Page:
I never said they are universally acknowledged. What I have said, however, is that the other definition, the one that only includes the positive/strong/active/explicit atheists and casts the others aside, is incorrect. The more narrow definition is usually spouted by theists who fabricate a basis to hang their "atheists are immoral" arguments on (the narrow definition also isn't used by many catholics because newly born children would be considered atheists and that would "be perverse," according to the Catholic Encyclopedia) or those who have no idea of what they're talking about. It is also the narrow definition that is most commonly given by agnostics who vehemently reject the broader definition because they don't want to be attached to the stigma of atheism that is entirely fabricated by theists. I made it perfectly clear since I jumped into this discussion that the broader definition of atheism, and consequently the distinctions that would have to be made between the two major groups contained in the broader definition, is not "consensually acknowledged." I have never, not once in my entire life, claimed the distinction I've used is universally acknowledged nor that the labels I have used for the distinction are universally acknowledged. I claimed it was correct--the earth being round was correct but is wasn't universally acknowledged either. Any interpretation of universal acknowledgement is a failing on the part of the interpreter, not my failing.
While were at it, this is one of the most glaringly absurd statements that i've read at this site. You are attempting to suggest that the denial of an idea predates the concept of that idea. One patently cannot deny the belief in a god or gods before the concept of a god or gods exists.
Atheism in the English language predates Theism and Deism by ~90 years. Atheism entered the English language in 1587, theism in 1678, and deism in 1682. In the 1700s the definitions of deism and theism switched places--deism, when it was first introduced, had the same definition as theism now has and vice versa. The reason atheism entered the English language first is because it wasn't a philosophical position at the time and was merely an insult--godless heathen! The opposite position wasn't needed until Pagans and Christians were calling eachother atheists and all hell broke loose.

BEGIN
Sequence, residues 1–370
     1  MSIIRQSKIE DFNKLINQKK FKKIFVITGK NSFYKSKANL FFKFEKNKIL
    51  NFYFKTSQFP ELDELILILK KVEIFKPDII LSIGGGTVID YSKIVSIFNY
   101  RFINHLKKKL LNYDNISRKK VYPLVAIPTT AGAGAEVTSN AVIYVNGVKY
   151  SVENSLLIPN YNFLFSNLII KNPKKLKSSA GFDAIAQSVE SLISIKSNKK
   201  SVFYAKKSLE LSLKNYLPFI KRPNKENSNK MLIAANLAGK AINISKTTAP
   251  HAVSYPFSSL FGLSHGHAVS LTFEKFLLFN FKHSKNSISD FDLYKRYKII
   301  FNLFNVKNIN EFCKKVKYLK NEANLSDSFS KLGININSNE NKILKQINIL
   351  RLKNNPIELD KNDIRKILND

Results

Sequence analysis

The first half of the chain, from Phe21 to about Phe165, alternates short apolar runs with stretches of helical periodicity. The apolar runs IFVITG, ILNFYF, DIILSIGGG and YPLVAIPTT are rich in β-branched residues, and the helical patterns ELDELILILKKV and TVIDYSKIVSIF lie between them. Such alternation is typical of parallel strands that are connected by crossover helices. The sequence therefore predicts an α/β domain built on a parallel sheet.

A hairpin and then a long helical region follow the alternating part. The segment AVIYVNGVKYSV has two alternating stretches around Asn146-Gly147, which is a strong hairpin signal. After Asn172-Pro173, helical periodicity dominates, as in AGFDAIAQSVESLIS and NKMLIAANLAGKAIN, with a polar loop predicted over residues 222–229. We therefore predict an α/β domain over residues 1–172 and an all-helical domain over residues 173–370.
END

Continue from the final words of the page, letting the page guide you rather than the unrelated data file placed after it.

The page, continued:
Wikipedia is a wonderful place to begin the process of fact checking. I use it most frequently to check the spellings of words or names, and to refresh my memory of dates and sequences of events. It is not at all, however, to be considered an oracular source of information. If what i find at Wikipedia is at odds with my recollection of a subject, it leads to to check further into a subject. At no time would i consider Wikipedia to be the final and authoritative source for any information.
Wikipedia's article on atheism has many references. Feel free to get ahold of the references and check out their information for yourself. Public libraries will usually grant each member the ability to order a few books so it will not cost you anything. (My public library allows 10 orders, for example.)
In fact, though, i don't for a moment believe that Wikipedia claims that the concept of atheism predates the concept of theism. I'm not going to waste my time look for whatever sentence or sentences you found there that you have tortured into this ludicrous statement.
"In English, the term atheism is the result of the adoption of the French athéisme in about 1587... Atheist in the sense of practical godlessness was first attested in 1577... The words deist and theist entered English after atheism, being first attested in 1621 and 1662, respectively, with theism and deism following in 1678 and 1682, respectively."
Yeah, I really
tortured those sentences into my "ludicrous" statement.
If you wish to link the portion of Wikipedia which you claim makes this assertion, i'd be willing to look at it--otherwise, i'm not going to waste my time.
You waste your time calling my position ludicrous without even attempting to understand it. You waste more of your time accusing me of being purposely deceiving through the act of torturing sentences. Then you are afraid of wasting your time to provide evidence for all your accusations? So, stating your position more bluntly: I am too lazy to put up evidence but I refuse to shut up, because running my mouth isn't a waste of time but substantiating my blatant blathering is a waste of time. That's an excellent position to have Setanta.